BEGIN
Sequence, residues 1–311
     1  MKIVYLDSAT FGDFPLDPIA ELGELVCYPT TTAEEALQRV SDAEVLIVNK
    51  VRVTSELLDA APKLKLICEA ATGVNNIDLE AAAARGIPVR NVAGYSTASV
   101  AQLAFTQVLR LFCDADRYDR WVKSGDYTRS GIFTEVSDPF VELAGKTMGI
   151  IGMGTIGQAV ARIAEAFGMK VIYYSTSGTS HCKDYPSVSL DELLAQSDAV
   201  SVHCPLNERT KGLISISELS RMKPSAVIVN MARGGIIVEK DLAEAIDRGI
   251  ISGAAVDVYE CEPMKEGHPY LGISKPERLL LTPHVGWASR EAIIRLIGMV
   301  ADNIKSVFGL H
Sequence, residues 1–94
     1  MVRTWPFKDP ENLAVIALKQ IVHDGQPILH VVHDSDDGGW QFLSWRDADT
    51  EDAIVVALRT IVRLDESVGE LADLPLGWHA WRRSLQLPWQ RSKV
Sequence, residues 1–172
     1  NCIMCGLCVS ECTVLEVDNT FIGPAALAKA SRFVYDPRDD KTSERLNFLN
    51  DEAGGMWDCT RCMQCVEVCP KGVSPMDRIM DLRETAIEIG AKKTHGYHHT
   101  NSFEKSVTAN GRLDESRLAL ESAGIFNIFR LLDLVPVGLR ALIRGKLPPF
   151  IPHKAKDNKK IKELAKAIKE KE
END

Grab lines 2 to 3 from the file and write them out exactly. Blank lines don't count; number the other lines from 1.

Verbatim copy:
     1  MKIVYLDSAT FGDFPLDPIA ELGELVCYPT TTAEEALQRV SDAEVLIVNK
    51  VRVTSELLDA APKLKLICEA ATGVNNIDLE AAAARGIPVR NVAGYSTASV